Back in 1954, Lourie was a technical editor, playing clarinet in a Boston-area ensemble, when the pianist, an MIT chemist, hired her to process data on punch paper tape.
“It was a pretty rote job,” said Lourie, now 90, over Zoom from her home in Arlington, Vt. The chemist published a paper on the project, and in a footnote mentioned Lourie as a contributor.
“It felt wonderful,” she said. She was off and running.
She speaks humbly about her work in computers, as if her path unfolded purely by luck and circumstance. In 1957, IBM hired her, and she moved to New York, where she devised a program implementing a new computer language, LISP, developed by John McCarthy at MIT. The research helped lay the groundwork for GPS and artificial intelligence.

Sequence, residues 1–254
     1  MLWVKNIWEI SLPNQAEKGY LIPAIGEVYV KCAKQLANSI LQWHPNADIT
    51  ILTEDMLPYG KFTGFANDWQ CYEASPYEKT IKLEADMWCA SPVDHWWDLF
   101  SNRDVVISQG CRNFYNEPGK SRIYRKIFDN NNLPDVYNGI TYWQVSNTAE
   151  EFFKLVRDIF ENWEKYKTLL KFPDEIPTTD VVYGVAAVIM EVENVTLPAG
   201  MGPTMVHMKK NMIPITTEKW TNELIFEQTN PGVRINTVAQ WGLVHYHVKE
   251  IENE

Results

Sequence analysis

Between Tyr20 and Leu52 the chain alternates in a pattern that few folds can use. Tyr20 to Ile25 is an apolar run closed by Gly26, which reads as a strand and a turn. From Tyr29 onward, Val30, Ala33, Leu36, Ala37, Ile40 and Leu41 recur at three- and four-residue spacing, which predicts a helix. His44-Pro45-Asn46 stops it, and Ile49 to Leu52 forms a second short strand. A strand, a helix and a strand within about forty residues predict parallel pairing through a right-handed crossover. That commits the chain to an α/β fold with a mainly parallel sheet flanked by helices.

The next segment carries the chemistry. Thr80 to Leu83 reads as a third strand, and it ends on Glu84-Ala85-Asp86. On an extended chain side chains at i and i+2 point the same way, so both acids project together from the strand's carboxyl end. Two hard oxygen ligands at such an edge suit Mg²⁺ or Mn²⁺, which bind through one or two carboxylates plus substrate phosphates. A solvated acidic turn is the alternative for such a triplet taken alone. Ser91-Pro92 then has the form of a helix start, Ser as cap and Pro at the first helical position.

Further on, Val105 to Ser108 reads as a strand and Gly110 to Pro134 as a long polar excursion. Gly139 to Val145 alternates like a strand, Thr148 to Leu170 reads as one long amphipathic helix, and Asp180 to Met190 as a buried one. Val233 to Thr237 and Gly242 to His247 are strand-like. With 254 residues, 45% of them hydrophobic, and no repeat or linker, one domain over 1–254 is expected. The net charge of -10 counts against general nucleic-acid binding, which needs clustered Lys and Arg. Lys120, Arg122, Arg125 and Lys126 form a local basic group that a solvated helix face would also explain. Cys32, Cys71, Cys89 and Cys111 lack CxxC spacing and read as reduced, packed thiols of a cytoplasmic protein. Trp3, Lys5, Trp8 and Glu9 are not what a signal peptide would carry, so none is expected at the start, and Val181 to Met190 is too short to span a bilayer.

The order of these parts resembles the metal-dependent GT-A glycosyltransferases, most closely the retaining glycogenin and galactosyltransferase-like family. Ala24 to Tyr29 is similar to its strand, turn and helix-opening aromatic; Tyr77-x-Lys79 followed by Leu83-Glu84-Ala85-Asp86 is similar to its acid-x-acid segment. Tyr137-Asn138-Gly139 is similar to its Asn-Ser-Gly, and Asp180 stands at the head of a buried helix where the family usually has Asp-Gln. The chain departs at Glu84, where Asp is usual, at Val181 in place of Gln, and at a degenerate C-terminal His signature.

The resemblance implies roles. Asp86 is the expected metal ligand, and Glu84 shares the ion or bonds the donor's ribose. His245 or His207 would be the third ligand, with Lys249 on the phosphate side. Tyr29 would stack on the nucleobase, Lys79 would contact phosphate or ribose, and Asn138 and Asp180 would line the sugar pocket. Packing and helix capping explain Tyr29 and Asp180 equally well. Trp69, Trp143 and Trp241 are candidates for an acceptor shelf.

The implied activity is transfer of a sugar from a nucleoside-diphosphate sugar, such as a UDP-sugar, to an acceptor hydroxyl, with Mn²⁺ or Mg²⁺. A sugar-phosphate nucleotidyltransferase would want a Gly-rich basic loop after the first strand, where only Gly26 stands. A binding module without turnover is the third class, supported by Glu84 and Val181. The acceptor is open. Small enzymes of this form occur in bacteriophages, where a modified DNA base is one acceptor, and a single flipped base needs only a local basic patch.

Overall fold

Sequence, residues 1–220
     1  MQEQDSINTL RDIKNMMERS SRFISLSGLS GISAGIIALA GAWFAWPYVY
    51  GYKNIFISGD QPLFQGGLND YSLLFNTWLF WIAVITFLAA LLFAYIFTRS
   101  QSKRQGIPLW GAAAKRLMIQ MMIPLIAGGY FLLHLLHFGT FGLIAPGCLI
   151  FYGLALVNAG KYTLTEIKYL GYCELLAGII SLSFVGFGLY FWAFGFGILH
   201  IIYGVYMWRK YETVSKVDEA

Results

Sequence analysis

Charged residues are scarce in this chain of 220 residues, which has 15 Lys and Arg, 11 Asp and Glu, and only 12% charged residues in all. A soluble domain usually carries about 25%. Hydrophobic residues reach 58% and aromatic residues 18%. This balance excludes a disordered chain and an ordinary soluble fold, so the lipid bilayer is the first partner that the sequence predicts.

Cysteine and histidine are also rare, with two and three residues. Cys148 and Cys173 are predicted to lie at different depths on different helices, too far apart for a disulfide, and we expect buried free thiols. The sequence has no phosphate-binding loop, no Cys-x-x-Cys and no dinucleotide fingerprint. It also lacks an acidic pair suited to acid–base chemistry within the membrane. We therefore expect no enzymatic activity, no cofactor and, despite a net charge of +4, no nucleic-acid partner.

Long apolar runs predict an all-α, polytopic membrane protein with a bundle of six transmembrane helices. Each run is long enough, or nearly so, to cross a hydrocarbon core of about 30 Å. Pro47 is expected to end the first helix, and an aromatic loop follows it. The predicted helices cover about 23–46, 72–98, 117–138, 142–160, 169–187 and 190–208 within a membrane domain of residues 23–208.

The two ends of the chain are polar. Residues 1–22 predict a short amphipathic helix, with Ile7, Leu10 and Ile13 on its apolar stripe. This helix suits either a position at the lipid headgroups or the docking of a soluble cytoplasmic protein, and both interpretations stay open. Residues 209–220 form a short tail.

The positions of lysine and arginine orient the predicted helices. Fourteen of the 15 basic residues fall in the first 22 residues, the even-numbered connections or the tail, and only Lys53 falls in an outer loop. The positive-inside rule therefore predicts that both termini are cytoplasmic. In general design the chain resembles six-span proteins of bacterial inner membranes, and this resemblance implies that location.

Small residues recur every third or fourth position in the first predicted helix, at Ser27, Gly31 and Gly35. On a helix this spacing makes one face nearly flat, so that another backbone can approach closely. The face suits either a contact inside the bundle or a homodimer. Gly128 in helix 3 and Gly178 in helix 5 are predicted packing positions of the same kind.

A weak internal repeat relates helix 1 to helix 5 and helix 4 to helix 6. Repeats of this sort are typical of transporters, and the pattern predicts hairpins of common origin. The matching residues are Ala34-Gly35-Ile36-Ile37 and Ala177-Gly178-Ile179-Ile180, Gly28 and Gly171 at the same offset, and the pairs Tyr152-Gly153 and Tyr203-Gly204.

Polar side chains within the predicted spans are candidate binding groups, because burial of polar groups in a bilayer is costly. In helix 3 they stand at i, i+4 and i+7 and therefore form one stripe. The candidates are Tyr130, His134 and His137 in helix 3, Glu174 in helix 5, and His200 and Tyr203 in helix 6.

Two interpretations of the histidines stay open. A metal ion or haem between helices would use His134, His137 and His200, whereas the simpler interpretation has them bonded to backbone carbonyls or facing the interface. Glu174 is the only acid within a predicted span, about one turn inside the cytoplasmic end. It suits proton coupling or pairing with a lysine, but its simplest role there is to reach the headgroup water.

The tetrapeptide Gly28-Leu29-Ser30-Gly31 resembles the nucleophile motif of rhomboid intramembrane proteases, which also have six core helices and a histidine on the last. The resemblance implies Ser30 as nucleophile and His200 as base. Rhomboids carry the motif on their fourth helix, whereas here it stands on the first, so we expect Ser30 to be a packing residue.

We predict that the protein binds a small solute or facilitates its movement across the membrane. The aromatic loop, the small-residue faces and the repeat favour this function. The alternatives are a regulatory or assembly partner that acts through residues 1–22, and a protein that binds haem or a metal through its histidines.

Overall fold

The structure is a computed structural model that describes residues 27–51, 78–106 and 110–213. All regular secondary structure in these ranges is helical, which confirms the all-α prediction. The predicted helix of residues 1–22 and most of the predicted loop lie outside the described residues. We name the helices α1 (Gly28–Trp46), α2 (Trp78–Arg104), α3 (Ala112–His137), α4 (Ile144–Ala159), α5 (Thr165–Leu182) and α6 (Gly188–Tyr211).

“It’s a way to start at the top and finger your way through and encompass every point in the tree,” she said. “I fell in love with the ability to trace trees.”
Lourie published her own paper on the project. That’s when IBM gave her carte blanche. There weren’t many women in computer science, and the field was burgeoning.
“I was allowed to name my own project,” she said, and points to computer pioneer Grace Hopper as “leading the way.”
“There was no resistance to women’s employment or advancement in those days,” Lourie said.
It was 1964. Lourie had been a weaver since she was 7, growing up in Chelsea, making rugs for her dollhouse on a loom her father built. Now, weaving gave her an idea.
The Jacquard loom, invented in 1804, runs on punch cards. It inspired 19th-century computational coding,